The Case For The Sixers To Trade For Jae Crowder
The Sixers aren’t exactly flush with trade assets, but something in the framework of Furkan Korkmaz, Matisse Thybulle, and Shake Milton for Crowder would make sense for both teams.
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Of the many reasons for the Sixers’ somewhat underwhelming start to the season, the biggest one that jumps out on paper is their 15th ranked offense in the league. An offense that was slated to be overwhelming has been merely decent, and while some of that can be attributed to injuries, the eye test also indicates that the Sixers’ offense has been more stagnant and less dominant than many expected.
While the Sixers rank better when you narrow it down to half court offense (7th), it still trails behind expectations, and also fails to stack up to their rankings from the post-Harden trade portion of last season.
One of the more under-the-radar reasons for their underperformance on that end of the floor is that no one seemed to properly factor in the downgrade that P.J. Tucker is relative to Danny Green. Whereas Green was a quick-trigger shooter and created nonstop havoc with his off-ball movement, Tucker is a stationary offensive player who is currently attempting just 2.9 3s per 100 possessions – lowest on the Sixers besides Paul Reed and Montrezl Harrell.
In my last piece, I advocated for starting De’Anthony Melton over Tucker when the matchup allows it. Melton is simply a vastly better offensive player than Tucker, and attempts 9.9 3s per 100 possessions compared to Tucker’s 2.9. But perhaps there is an option that makes even more sense – trading for Jae Crowder.
Crowder is currently holding out in Phoenix as the team looks to trade him. He attempted 9.3 3s per 100 possessions last year, and 11.4 the year before that. He is a slight step down from Tucker as a defender, but the floor spacing he provides would be well worth it – I cannot properly state how valuable it would be to add a player who shoots above the break 3s and generates attention when moving off the ball.
The Sixers aren’t exactly flush with trade assets, but something in the framework of Furkan Korkmaz, Matisse Thybulle, and Shake Milton for Crowder would make sense for both teams. The Athletic’s Shams Charania recently reported that the Suns were close on a deal that would have sent Crowder to Milwaukee in exchange for four second round picks, which seems to be a comparable price to the Korkmaz/Thybulle/Milton package.
In those three players, the Suns would get three regular season rotation players along with the opportunity to extend Thybulle and Milton to bet on their upside long term. If there’s any offense that can make Thybulle useful, it’s Phoenix, and Milton’s ability to provide a scoring and playmaking punch, and play on or off-ball, would be a nice complement to Devin Booker as Chris Paul ages out of superstardom.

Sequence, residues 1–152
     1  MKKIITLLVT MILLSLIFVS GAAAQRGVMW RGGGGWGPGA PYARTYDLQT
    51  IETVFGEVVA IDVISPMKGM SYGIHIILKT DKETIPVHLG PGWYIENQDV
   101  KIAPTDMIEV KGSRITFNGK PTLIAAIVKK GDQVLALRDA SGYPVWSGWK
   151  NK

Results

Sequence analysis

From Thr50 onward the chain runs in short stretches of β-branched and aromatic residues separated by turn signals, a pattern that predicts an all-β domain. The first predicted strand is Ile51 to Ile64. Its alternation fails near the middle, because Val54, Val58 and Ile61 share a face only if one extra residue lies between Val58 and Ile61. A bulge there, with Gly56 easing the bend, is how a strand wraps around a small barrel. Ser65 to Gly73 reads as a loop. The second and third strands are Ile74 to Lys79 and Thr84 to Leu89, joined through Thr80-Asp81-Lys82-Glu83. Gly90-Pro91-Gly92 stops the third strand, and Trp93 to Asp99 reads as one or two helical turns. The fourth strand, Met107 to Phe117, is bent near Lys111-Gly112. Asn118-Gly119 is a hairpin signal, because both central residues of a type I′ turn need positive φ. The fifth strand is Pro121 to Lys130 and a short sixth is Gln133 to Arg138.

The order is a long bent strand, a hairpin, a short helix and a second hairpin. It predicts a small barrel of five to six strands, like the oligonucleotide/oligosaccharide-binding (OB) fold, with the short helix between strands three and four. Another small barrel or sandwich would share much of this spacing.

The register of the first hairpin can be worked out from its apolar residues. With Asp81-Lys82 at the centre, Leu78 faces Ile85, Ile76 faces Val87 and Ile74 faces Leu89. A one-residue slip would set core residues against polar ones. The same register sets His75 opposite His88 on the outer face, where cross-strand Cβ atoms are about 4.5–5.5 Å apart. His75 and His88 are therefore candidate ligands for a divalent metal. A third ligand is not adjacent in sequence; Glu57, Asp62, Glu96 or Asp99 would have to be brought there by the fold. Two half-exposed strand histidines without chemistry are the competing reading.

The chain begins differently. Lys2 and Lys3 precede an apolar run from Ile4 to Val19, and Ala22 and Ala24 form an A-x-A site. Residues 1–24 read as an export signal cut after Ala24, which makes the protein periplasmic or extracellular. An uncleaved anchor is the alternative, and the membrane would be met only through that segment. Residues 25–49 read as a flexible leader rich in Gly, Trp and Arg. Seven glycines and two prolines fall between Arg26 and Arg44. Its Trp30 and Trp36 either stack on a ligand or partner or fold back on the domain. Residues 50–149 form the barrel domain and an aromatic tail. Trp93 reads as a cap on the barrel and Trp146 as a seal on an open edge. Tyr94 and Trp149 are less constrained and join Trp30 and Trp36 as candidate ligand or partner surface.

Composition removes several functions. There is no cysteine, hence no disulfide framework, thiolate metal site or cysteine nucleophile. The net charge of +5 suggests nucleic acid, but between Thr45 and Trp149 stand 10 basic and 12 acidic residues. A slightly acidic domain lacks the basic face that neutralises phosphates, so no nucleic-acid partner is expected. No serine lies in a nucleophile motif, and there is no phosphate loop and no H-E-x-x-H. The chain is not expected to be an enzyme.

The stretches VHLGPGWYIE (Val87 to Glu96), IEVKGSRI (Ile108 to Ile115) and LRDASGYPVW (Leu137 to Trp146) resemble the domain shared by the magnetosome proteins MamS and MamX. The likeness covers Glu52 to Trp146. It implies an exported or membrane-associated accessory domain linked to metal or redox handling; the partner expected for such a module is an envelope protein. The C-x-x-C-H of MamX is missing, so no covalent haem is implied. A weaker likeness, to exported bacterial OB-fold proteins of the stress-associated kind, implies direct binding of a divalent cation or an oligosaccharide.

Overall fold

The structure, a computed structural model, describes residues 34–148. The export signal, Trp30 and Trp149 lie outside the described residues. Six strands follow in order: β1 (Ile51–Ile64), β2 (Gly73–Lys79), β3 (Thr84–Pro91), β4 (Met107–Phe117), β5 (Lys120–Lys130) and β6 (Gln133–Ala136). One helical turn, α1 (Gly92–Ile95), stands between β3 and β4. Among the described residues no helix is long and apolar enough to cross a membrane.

Korkmaz and Thybulle, while being useful regular season players, stand almost no chance of being rotation players in the playoffs, and Milton is always going to be limited in terms of his role as long as Maxey, Harden, and Melton are here. If you’re a believer that Jaden Springer deserves a crack at the rotation next year, that further adds to the likelihood that Milton would be buried if the Sixers were to retain him.
The other benefit of trading for Crowder is that the Sixers would earn his full bird rights with the trade, meaning that they can extend his contract despite being over the salary cap. For a team that is likely to have minimal options to upgrade the rotation for the next year or so, that’s a valuable consideration at play here – the risk of not trading Thybulle and Milton this year is that they both walk in free agency, and you’re left with nothing in their place and absolutely no trade-able assets come next year.
Crowder being added to the starting lineup would allow maximum flexibility for playing Tucker with well-spaced lineups. Tucker and Melton could be the first subs off the bench in exchange for Harris and Maxey, and a lineup of Melton-Harden-Crowder-Tucker-Embiid would have a ton of two-way juice. There’s also plenty to be said for the fact that Tucker is 37 years old, and it likely isn’t a good idea for him to have to play 35+ minutes a game when it counts, even in the playoffs. Even if you did elect to start Tucker and bring Crowder off the bench, he’s still a massive upgrade over the likes of Thybulle and Danuel House.
While I have my doubts about this Sixers team regardless, I think that adding one more two-way presence in Crowder takes this team to another level. If this team is ever going to reach its upside, it’s going to come by being an absolutely unstoppable offensive force, and I’m not sure they can accomplish that if they’re playing P.J. Tucker 35 minutes per game in the playoffs given his lack of spacing and general offensive ineptitude. It too often feels like this team is just a tad short on spacing, or that they’re overextending the minutes of House and Georges Niang. This team is a wing short, and in Crowder, the Sixers would immediately add their second best wing defender, and one of the most prolific shooters on the team.
Giving up Thybulle, Korkmaz, and Milton stings, particularly for sentimental reasons, but all three players have their limitations and are unlikely to be key rotation players in the playoffs for one reason or another. Even if it requires tossing in a second round pick, I’d be willing to make this deal if I had assurance that Crowder would agree to a contract beyond this season. If Phoenix is willing to engage on it, this deal makes too much sense not to happen.